Dental Sedation is a treatment option for people who have anxiety or difficulty undergoing dental procedures and oral surgery. While effective and safe, you may be wondering how long dental sedation lasts. People may not even realize there are different forms of sedation. Below is the answer to the question and more information about dental sedation.
Common forms of dental sedation
First, one of the most common forms of dental sedation is nitrous oxide. Nitrous oxide, also known as “laughing gas,” typically takes a few minutes to go into effect and lasts until someone stops the gas flow. Once the flow of nitrous oxide completely stops, it takes several minutes afterward for the patient to recover to a semi-normal state. Afterward, patients may feel slightly disoriented but will return to a normal state in a quicker fashion than other dental sedation methods.
For methods of dental sedation in pill form (known as “oral sedation”), patients take the sedation the night before the scheduled office visit or at a scheduled time several hours before arriving at an appoint. Upon waking or when the drug begins to take effect, you will feel drowsy and disoriented, which makes the job of the oral surgeon easier (i.e. suppresses the gag reflex, quells anxiety, suppresses pain responses, etc.).
However, these methods of sedation typically last long after the procedure, anywhere from 2 to 8 hours. The type of drug administered will ultimately determine how long the period of dental sedation will last. Many patients experience an amnesic effect from oral medications, with many patients reporting that they do not remember ever being at the oral surgeon’s office.
Common oral sedation medications include:
Valium (Diazepam) – Since the 1960s, this popular drug has an extremely long half-life and is used for appointments that require extensive dentistry
Halcion (Triazolam) – Well known as a treatment for insomnia, this drug can be used in conjunction with an antihistamine.
Sonata (Zaleplon) – Similar to Halcion (Triazolam)
Ativan (Lorazepam) – Commonly prescribed for anxiety, it is used for appointments that are longer than 2 hours.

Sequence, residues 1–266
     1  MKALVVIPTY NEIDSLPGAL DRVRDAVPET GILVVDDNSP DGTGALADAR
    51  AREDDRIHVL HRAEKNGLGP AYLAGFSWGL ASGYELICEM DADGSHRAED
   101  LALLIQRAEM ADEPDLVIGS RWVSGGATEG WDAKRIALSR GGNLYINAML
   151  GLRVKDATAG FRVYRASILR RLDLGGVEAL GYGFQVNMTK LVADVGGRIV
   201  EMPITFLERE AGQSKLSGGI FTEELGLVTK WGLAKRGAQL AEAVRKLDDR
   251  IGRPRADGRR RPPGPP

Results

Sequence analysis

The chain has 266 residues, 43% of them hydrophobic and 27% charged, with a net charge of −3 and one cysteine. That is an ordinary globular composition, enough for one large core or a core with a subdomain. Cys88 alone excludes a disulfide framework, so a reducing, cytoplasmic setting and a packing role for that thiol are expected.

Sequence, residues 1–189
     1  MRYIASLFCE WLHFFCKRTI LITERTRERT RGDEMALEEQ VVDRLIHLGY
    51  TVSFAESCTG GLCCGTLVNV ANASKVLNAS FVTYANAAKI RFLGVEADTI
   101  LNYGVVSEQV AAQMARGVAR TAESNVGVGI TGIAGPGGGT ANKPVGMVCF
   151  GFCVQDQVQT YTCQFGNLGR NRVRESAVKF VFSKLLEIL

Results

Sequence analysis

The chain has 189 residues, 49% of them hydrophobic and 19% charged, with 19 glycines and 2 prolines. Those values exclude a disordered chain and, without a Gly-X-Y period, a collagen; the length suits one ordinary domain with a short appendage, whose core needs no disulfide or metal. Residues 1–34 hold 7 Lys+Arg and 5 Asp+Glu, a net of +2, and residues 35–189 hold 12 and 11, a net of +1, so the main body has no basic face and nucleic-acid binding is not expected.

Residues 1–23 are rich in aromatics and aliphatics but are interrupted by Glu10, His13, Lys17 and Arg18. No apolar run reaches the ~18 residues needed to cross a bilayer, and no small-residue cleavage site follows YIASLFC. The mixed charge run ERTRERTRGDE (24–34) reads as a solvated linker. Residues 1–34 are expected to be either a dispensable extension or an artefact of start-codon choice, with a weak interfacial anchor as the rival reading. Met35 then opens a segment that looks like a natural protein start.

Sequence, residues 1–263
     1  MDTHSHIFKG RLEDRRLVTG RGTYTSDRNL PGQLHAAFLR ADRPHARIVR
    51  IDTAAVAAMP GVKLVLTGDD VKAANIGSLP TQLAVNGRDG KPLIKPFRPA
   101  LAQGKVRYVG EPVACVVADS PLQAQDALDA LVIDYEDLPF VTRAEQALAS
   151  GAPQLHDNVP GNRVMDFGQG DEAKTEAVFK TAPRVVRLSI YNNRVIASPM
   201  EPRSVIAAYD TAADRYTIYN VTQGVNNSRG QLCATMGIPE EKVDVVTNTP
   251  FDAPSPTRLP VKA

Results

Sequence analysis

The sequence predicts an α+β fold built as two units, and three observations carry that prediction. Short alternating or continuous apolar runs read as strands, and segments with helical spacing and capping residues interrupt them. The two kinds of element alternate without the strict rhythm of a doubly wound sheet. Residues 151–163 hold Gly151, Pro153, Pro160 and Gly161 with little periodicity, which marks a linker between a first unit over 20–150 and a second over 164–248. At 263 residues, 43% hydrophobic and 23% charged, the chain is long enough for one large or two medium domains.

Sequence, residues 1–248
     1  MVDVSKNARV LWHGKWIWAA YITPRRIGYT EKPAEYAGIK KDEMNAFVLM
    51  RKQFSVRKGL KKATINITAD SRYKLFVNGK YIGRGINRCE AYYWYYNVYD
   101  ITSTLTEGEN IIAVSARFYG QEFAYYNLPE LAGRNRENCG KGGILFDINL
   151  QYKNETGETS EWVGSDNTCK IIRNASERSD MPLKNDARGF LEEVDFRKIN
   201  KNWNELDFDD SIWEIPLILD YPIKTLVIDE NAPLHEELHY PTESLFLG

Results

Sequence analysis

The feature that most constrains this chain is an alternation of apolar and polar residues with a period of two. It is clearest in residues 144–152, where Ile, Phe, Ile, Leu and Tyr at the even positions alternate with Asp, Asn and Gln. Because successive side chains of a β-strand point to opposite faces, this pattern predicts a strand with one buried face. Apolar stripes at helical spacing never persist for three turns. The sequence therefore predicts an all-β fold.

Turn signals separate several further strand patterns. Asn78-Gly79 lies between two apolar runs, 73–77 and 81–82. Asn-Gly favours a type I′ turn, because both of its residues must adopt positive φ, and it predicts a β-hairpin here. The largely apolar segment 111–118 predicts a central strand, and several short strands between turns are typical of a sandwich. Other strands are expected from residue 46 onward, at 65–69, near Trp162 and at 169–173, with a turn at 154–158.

Vistaril (Hydroxyzine) – Works for anxiolytic (anti-anxiety), but doesn’t have amnesic properties.
Versed (Midazolam) – This has a very short duration, useful for short appointments and simple procedures
Before taking any of these medications, it is absolutely important that you discuss the side effects and drug interactions you may experience with your oral surgeon. Additionally, those who take any of these medications are advised to have an escort to provide them transportation and look out for their well-being until the drugs wear off.
Following the procedure
Most patients are able to return to their normal activity within 24 hours of being administered the drug. Of course, everyone has different reactions to dental sedation. Some people, especially those who are younger or are in better health, may metabolize the drugs more efficiently, resulting in a shorter duration.
Conversely, those who are in poorer health or who are older may have dental sedation lasting longer. A good rule of thumb is to allow a full 24 hours after the procedure for the full effects of dental sedation to wear off. Patients need to also make sure to allow a recovery period afterward to ensure that the effects of the drug are out of their system. This includes operating heavy machinery, driving, or engaging in any rigorous physical activity.
For more sedation dentistry information or to schedule an appointment with David L. Baker DDS PA, request an appointment in our Plano dental office here: https://www.davidbakerdds.com. Or call us at (972) 546-2533.
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